A portion of the balances is invested in German and Japanese government securities held directly or under repurchase agreement. Government securities held under repurchase agreement are arranged either through transactions executed directly in the market or through agreements with official institutions. Foreign currency reserves are also invested in deposits at the Bank for International Settlements and in facilities at other official institutions. As of September 30, direct holdings of foreign government securities totaled $9.1 billion--split evenly between the two authorities. Foreign government securities held under repurchase agreement totaled $13.2 billion at the end of the quarter and were also split evenly between the two authorities.


(1.) Amounts are based on carrying value and September 30 exchange rates.

1. Foreign currency holdings of U.S. monetary authorities based on current exchange rates, 1999:Q3
Millions of dollars

 Quarterly changes in
 balances, by source

 Balance. Net
 June purchases
Item 30, 1999 and Effect of
 sales(1) sales(2)
EMU euro 6.943.7 0.0 0.0
Japanese yen 7.786.9 0.0 0.0
Total 14,730.6 0.0 0.0

Interest receivables(4) 68.4 ... ...
Other cash flow from ... ... ...

Total 14,799.0 0.0 0.0
EMU euro 6,944.6 0.0 0.0
Japanese yen 7,787.0 0.0 0.0
 Total 14,731.6 0.0 0.0

Interest receivables(4) 45.5 ... ...
Other cash flow from ... ... ...

Total 14,777.1 0.0 0.0

 Quarterly changes in balances, by source

 Currency accrual
Item Investment valuation (net)
 income adjustments(3) and other

EMU euro 53.0 225.1 0.0
Japanese yen 2.0 1,043.0 0.0
Total 55.0 1,268.1 0.0

Interest receivables(4) ... ... -17.3
Other cash flow from ... ... 13.4

Total 55.0 1,268.1 -3.9
EMU euro 49.3 225.2 0.0
Japanese yen 2.0 1,042.8 0.0
 Total 51.3 1,268.0 0.0

Interest receivables(4) ... ... 20.7
Other cash flow from ... ... 13.3

Total 51.3 1,268.0 34.0

Item Sept. 30, 1999

EMU euro 7,221.8
Japanese yen 8.831.9
Total 16,053.7

Interest receivables(4) 51.1
Other cash flow from 13.4

Total 16,118.2
EMU euro 7,219.1
Japanese yen 8,831.8
 Total 16,050.9

Interest receivables(4) 66.2
Other cash flow from 13.3

Total 16,130.4

NOTE. In this and subsequent tables, components may not sum to totals because of rounding,

(1.) Purchases and sales for the purpose of this table include foreign currency sales and purchases related to official activity, swap drawings and repayments, and warehousing,

(2.) This figure is calculated using marked-to-market exchange rates: it represents the difference between the sale the exchange rate and the most recent revaluation exchange rate. Realized profits and losses on sales of foreign currencies, computed ax the difference between the historic cost-of-acquisition exchange rate and the sale exchange rate, are reflected in table 2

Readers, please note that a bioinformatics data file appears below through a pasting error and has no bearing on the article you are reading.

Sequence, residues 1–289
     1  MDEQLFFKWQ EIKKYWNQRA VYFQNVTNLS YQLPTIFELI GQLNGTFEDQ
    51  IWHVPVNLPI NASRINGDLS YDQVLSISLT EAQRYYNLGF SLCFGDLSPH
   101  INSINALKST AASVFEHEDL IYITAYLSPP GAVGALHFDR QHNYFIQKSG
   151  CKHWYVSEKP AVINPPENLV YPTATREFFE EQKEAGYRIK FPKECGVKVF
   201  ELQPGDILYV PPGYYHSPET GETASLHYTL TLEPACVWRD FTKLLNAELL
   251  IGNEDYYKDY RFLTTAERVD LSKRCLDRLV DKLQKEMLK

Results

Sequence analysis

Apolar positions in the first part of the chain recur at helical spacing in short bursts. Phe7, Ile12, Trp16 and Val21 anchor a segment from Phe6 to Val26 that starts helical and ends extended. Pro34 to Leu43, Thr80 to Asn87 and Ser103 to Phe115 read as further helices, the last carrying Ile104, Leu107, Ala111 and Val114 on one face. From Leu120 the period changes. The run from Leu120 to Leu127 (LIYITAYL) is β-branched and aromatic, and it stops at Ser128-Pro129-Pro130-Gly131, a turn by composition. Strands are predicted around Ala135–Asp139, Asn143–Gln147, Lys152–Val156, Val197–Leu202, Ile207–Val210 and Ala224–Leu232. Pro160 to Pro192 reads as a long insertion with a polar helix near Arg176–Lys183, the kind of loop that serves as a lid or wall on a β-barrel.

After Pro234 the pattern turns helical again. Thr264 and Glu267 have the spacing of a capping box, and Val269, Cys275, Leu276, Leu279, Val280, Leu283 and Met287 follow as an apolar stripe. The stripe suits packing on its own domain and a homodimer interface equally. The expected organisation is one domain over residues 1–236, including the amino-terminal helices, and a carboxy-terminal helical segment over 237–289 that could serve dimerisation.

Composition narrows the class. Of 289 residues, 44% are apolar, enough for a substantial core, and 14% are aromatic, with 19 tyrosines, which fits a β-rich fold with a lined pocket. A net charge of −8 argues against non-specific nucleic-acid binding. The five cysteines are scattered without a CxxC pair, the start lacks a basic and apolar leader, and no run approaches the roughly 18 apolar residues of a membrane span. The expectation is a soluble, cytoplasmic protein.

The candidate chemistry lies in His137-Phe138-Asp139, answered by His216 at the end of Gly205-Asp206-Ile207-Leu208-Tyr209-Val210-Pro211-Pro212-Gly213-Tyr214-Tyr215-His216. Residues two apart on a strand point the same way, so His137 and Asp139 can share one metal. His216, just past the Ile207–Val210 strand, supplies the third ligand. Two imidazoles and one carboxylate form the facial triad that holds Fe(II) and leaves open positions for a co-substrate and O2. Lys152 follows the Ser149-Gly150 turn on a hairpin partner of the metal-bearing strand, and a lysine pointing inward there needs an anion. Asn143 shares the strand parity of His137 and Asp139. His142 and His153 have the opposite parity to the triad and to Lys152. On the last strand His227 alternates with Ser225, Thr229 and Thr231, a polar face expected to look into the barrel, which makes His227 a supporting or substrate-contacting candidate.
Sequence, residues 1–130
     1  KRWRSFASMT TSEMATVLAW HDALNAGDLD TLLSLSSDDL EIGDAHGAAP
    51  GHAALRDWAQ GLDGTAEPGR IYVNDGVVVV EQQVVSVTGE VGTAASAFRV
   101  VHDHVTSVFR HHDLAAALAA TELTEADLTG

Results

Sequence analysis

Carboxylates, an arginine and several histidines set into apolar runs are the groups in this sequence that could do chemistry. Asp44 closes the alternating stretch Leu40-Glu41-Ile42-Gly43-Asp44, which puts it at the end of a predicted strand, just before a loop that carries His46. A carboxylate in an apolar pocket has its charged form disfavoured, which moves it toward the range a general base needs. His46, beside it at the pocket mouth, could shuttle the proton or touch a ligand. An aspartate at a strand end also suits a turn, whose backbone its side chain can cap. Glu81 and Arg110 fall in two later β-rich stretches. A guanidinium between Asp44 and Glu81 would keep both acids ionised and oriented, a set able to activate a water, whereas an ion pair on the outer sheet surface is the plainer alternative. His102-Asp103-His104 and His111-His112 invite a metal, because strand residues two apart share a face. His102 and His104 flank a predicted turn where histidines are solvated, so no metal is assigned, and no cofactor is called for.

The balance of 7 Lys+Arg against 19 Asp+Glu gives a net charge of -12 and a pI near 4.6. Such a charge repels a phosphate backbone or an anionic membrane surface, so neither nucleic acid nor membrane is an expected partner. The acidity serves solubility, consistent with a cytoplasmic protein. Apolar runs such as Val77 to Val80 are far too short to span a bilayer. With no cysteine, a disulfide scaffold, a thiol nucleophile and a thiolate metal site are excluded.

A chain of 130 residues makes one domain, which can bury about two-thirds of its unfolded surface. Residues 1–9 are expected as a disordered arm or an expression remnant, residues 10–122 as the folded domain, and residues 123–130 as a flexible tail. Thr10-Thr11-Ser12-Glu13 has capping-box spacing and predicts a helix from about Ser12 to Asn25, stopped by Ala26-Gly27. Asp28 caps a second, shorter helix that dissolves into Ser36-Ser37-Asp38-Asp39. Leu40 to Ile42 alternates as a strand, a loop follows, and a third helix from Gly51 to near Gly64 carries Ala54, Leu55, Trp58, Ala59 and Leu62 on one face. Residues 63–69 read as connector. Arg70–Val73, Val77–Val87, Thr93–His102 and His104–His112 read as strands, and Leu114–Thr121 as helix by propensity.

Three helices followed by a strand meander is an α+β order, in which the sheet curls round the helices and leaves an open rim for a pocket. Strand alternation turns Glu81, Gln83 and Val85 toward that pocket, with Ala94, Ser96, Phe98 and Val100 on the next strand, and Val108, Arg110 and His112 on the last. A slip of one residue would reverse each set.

(3.) Foreign currency balances are marked-to-market monthly at month-end exchange rates.

(4.) Interest receivables for the ESF are revalued at month-end exchange rates. Interest receivables for the Federal Reserve System are carried at average cost of acquisition and are not marked to market until interest is paid. Interest receivables for the Federal Reserve System are net of unearned interest collected.

(5.) Values for cash flow differences from payment and collection of funds between quarters.

... Not applicable

2. Net profits or losses (-) on U.S. Treasury and Federal Reserve foreign exchange operations, based on historical cost-of-acquisition exchange rates, 1999:Q3
Millions of dollars
 Reserve U.S. Treasury
 System Open Exchange
Period and item Market Stabilization
 Account Fund

Valuation profits and losses on
outstanding assets and liabilities,
June 30, 1999
EMU euro -345.0 -562.0
Japanese yen 746.3 958.5

Total 401.3 396.5

Realized profits and losses
from foreign currency sales,
June 30, 1999-Sept. 30, 1999
EMU euro 0.0 0.0
Japanese yen 0.0 0.0

Total 0.0 0.0

Valuation profits and losses on
outstanding assets and liabilities,
Sept. 30, 1999
EMU euro -119.9 -336.9
Japanese yen 1,775.8 1,988.0

Total 1,655.9 1,651.1

3. Currency arrangements. September 30, 1999
Millions of dollars

Institution Amount of Outstanding,
 facility Sept. 30, 1999

 Federal Reserve
 reciprocal currency

Bank of Canada 2,000 0.0
Bank of Mexico 3,000 0.0

Total 5,000 0.0

 U.S. Treasury
 Exchange Stabilization Fund
 currency arrangements

Bank of Mexico 3,000 0.0
Total 3,000 0.0
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Article Details
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Author:Leonard, Deborah L.
Publication:Federal Reserve Bulletin
Geographic Code:1USA
Date:Dec 1, 1999
Previous Article:The Treasury Securities Market: Overview and Recent Developments.